In addition, there is evidence supporting the idea that bedwetters are more likely than non-bedwetters to suffer from disruptive behavior disorders (Niemczyk et al 2015; Park et al 2013).

But most children who experience bedwetting don’t have these behavior problems.

And it doesn’t appear that these kids are at higher risk for serious emotional problems, like depression or clinical anxiety (Wille and Anveden 1995; Shreeham et al 2009; Sureshkumar et al 2009).

Mostly what I’ve found are studies indicating that children suffer from lower self-esteem, which makes sense, given the social stigma associating with wetting the bed (Wille and Anveden 1995; Longstaffe et al 2000; Shreeham et al 2009; Sureshkumar et al 2009; Phung et al 2015).

The bottom line?

Modern psychologists have rejected the hypothesis that wetting the bed is a red flag for future violent behavior.

As forensic psychologists note, “bedwetting is neither violent nor voluntary” and there is “little or no empirical support” linking it with psychological maladjustment (Parfitt and Alleyne 2018).

Myth: There’s no point trying to cure bedwetting if a child is depressed or anxious. You need to treat the psychological symptoms first.

Reality: Some kids who wet the bed are also distressed. But their psychological problems aren’t necessarily preventing them from getting dry, and successful treatment of their bed wetting symptoms may improve their psychological problems.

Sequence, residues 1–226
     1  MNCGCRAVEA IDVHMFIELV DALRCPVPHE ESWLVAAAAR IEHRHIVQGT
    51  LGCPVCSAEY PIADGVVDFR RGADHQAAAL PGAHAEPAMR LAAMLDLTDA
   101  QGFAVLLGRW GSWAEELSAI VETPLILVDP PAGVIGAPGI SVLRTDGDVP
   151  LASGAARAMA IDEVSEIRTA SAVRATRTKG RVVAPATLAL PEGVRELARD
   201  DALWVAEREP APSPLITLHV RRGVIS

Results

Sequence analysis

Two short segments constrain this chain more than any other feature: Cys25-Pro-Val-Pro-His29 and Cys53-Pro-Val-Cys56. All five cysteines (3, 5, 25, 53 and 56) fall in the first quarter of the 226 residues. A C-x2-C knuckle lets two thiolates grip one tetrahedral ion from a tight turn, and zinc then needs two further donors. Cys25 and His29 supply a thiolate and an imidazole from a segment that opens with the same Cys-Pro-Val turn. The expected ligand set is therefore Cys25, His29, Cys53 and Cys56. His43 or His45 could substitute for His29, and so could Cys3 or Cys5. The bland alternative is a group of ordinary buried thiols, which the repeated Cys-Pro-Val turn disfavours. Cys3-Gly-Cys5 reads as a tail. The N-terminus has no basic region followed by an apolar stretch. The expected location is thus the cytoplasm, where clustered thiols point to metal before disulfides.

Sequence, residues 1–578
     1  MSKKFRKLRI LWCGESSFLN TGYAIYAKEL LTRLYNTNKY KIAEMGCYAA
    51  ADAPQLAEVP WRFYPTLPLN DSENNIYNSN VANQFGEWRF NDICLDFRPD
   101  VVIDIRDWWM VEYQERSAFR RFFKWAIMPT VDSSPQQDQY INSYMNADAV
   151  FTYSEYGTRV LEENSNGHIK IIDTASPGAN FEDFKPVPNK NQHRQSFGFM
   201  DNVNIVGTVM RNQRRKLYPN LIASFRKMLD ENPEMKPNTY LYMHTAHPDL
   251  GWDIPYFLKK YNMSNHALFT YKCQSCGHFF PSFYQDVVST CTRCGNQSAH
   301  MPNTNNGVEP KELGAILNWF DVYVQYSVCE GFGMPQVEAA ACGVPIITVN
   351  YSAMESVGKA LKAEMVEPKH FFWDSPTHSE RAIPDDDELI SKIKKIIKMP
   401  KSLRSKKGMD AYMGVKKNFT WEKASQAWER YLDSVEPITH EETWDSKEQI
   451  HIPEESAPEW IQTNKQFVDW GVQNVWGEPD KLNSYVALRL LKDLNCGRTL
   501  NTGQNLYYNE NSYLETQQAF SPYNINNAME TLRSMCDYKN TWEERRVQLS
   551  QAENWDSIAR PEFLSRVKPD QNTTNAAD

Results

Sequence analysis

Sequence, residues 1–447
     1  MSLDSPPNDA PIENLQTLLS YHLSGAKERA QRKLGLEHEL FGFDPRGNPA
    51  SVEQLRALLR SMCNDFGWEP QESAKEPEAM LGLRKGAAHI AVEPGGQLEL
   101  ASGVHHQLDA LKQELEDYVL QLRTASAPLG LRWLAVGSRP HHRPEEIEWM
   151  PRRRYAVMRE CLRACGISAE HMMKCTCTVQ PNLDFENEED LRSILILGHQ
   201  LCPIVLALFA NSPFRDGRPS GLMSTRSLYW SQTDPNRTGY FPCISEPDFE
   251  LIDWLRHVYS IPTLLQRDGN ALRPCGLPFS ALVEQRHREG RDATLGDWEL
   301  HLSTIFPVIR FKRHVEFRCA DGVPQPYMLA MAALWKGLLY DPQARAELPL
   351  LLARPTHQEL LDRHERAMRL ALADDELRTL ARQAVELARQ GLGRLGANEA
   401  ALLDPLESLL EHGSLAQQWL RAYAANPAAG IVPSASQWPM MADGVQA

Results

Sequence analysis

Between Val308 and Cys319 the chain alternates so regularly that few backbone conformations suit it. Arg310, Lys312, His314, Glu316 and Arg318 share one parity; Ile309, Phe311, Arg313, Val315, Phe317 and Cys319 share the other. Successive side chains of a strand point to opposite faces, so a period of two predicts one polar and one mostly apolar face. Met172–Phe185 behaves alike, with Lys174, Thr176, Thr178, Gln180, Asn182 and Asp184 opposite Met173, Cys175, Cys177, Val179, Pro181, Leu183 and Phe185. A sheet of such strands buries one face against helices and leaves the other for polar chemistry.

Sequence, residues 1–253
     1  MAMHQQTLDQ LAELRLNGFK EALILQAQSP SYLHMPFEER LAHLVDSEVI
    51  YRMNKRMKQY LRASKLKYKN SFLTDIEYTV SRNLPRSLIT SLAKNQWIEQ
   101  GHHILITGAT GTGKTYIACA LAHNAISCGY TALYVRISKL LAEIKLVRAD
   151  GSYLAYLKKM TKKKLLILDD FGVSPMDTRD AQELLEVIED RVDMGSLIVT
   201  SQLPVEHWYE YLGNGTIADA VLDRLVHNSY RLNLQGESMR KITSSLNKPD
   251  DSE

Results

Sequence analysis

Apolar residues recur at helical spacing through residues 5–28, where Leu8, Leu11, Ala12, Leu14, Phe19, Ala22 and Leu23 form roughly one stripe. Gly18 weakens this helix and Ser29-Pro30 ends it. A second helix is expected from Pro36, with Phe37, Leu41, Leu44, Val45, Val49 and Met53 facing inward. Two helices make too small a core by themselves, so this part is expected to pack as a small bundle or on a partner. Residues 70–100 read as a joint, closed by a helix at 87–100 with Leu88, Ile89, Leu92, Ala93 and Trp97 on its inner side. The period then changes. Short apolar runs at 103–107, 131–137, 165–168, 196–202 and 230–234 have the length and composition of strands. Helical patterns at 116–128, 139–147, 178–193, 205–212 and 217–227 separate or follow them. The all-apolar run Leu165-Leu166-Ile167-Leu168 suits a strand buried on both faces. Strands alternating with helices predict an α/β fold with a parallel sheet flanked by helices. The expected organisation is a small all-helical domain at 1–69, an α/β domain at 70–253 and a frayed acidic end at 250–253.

In a study of children suffering from both psychological problems and nocturnal enuresis, researchers successfully treated the bedwetting problem first (HiraSing et al 2009). Not only did most kids become dry, they also showed less psychological distress after treatment for bedwetting.

Myth: Kids should be trained to “hold it in.”

Reality: It might seem plausible. If kids practice “holding it in,” they might expand their bladder capacity. And a larger bladder capacity might permit kids to go longer at night without having to relieve themselves.

However, based on the studies I’ve found, it’s not clear if this approach makes much difference. In controlled experiments, researchers randomly assigned some kids with nocturnal enuresis to practice “holding it in.” Although the treatment did increase the children’s bladder capacities, it wasn’t associated with substantial reductions in bedwetting (Van Hoeck et al 2008; Van Hoeck et al 2007).

Myth: Parents can ignore the problem. Kids will eventually grow out of it.

Reality: In many cases — especially in cases where kids have no other symptoms — kids do usually grow out of it (Jain and Bhatt 2016). But these children may nevertheless benefit from therapies. And other children may  have problems that require intervention.